You are definitely correct that the later reissues were better. I'd also add that people got less
enamored with going CEDAR-crazy in the late 90s, although way too much Sonic NoNoise was used.
Unfortunately, for many of the best reissues of Columbia/ARC and RCA/Victor material from the 78
era, you still need to seek out the Mosaic sets, which strove to go back to original production
parts, laquers and minty collector-owned shellacs. After finding good or excellent source material,
the Mosaic stuff is generally well transferred and processed by folks like Doug Pomeroy. I'm not as
happy with recent Andreas Meyer work -- too much DSP in some cases! Still, almost always much better
than earlier major-label reissues and any shellacs that I've ever owned.
-- Tom Fine
----- Original Message -----
From: "Michael Shoshani" <[log in to unmask]>
To: <[log in to unmask]>
Sent: Tuesday, March 25, 2014 1:46 PM
Subject: Re: [ARSCLIST] Fwd: [ARSCLIST] "Why Vinyl Is the Only Worthwhile Way to Own Music"
> On 03/25/2014 10:40 AM, Jon Samuels wrote:
>> Early CD transfers had another problem. At RCA (and, from what I understand, to differeing
>> degrees at other record companies), edited reels from the recording sessions were never used in
>> the early CD days. The main reason had to do with bookkeeping (and Jack Pfeiffer's belief that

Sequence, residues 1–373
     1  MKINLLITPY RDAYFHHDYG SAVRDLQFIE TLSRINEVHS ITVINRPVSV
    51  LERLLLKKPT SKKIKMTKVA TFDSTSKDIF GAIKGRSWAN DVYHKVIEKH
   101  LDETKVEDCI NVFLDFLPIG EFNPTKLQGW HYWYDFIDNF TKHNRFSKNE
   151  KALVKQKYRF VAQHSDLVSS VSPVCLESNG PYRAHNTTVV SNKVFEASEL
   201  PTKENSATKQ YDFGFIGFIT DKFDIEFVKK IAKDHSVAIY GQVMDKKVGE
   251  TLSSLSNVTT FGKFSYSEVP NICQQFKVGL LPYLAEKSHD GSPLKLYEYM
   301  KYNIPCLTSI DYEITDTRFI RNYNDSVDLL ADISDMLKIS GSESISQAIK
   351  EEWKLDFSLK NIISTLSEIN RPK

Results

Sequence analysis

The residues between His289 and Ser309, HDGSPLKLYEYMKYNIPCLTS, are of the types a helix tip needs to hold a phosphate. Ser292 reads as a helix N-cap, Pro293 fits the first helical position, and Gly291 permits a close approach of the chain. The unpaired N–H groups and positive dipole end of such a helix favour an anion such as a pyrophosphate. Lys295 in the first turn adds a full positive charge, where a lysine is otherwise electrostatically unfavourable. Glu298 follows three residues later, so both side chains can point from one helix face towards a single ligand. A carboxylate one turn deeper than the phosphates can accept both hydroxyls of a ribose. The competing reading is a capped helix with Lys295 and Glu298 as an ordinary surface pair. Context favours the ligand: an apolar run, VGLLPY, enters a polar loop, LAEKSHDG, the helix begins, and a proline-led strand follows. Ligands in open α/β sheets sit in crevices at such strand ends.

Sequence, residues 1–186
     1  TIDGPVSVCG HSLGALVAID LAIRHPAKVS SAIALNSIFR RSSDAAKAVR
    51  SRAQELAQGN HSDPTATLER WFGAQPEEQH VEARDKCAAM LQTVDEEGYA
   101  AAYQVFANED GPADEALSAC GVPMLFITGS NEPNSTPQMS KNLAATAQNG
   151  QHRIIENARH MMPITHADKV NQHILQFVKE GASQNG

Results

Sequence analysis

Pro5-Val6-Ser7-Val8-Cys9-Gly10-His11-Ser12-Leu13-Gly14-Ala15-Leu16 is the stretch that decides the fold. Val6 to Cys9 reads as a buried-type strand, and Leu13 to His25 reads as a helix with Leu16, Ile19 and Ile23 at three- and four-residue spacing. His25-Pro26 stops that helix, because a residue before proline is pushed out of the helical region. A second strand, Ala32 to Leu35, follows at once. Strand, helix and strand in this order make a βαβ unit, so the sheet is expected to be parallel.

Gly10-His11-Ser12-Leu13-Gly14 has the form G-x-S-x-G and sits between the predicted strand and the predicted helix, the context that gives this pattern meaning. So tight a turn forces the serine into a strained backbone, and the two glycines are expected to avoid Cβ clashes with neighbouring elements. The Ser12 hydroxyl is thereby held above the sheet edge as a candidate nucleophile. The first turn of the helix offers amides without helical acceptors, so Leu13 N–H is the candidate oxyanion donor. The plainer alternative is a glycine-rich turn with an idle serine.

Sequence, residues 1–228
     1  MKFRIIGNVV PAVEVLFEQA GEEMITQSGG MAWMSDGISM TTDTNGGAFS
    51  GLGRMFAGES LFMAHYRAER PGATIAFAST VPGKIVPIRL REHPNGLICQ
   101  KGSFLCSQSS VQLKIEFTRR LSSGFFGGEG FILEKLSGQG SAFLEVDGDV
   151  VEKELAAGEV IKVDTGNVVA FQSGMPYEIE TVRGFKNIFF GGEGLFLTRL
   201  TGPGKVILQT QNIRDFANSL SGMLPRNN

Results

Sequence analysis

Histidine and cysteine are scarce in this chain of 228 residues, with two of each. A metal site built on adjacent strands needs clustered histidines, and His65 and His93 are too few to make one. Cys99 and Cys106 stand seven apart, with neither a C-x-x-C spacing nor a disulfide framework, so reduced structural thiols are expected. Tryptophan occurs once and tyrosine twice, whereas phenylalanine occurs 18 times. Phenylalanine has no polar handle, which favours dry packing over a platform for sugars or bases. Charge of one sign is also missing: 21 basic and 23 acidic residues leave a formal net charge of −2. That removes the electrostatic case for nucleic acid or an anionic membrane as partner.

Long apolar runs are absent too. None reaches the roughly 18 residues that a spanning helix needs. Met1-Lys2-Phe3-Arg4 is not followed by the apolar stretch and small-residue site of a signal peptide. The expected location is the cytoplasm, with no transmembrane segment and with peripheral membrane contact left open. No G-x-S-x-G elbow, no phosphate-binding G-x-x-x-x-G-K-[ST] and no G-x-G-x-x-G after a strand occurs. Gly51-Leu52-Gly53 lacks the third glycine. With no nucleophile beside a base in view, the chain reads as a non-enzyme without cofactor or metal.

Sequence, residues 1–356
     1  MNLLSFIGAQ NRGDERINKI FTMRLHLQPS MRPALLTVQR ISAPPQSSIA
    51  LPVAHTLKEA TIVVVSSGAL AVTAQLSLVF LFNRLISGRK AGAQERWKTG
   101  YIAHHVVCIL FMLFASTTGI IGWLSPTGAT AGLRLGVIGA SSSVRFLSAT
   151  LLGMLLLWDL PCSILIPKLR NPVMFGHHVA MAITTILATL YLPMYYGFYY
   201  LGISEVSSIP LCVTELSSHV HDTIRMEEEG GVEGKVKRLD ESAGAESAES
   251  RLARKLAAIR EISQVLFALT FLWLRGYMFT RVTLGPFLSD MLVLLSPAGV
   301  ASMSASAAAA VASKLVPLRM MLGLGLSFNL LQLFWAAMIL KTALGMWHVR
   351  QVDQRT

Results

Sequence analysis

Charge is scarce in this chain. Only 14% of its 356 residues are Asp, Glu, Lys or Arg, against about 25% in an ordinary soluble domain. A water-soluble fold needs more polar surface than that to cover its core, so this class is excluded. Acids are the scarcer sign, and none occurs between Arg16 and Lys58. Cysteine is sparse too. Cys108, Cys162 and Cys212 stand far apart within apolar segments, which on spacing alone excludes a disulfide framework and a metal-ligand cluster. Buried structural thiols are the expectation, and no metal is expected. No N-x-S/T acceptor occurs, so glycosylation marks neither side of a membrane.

>> no one could hear the difference, and therefore was not worth the trouble to track down, find and
>> physically restore the edited masters). From it's earliest LP days, RCA maintained a system
>> where every LP side (and later every CD) had to have its' own tape. That meant that if an LP was
>> re-issued with a different number, the later LP master would at best be a first-generation dub of
>> the previous LP. Unfortunately, they took this a couple of steps further. Three-track (and
>> higher) masters were always mixed down to 2-track for the LP. (One of the reasons this was done
>> was to deliberately reduce the dynamic range in the LP master before the cutting stage.) Each
>> re-issue's tape master was a dub of the most recently released LP tape master, not the original
>> one. They continued this practice with early CDs. Also, in later LP years, they often dubbed
>> early 30 ips tape masters to 15 ips, and used those for later LPs with the same issue numbers.
>> The consequences of these factors was that early CD masters were sometimes as much as seven or
>> eight generations down from the original session tapes. (It also explains why collectors often
>> prefer earlier LP issues.)
> This makes a heck of a lot of sense if you look at RCA reissues of big band era material on CD.
> Most issues from the 1980s are from album masters, probably dubs of them; in at least one instance
> (a Glenn Miller compilation called "Chattanooga Choo-Choo: The Number One Hits") the matrix number
> of the album master from which the track derives is cited. More often than not, these 80s reissues
> also contain added reverb, and in a few instances stereo reprocessing.
> It wasn't until about 1993 or so that BMG started issuing CDs of material from this era
> transferred from metal parts. when people like Orrin Keepnews and Bill Lacey started getting
> involved. The difference in quality is phenomenal.
> Michael Shoshani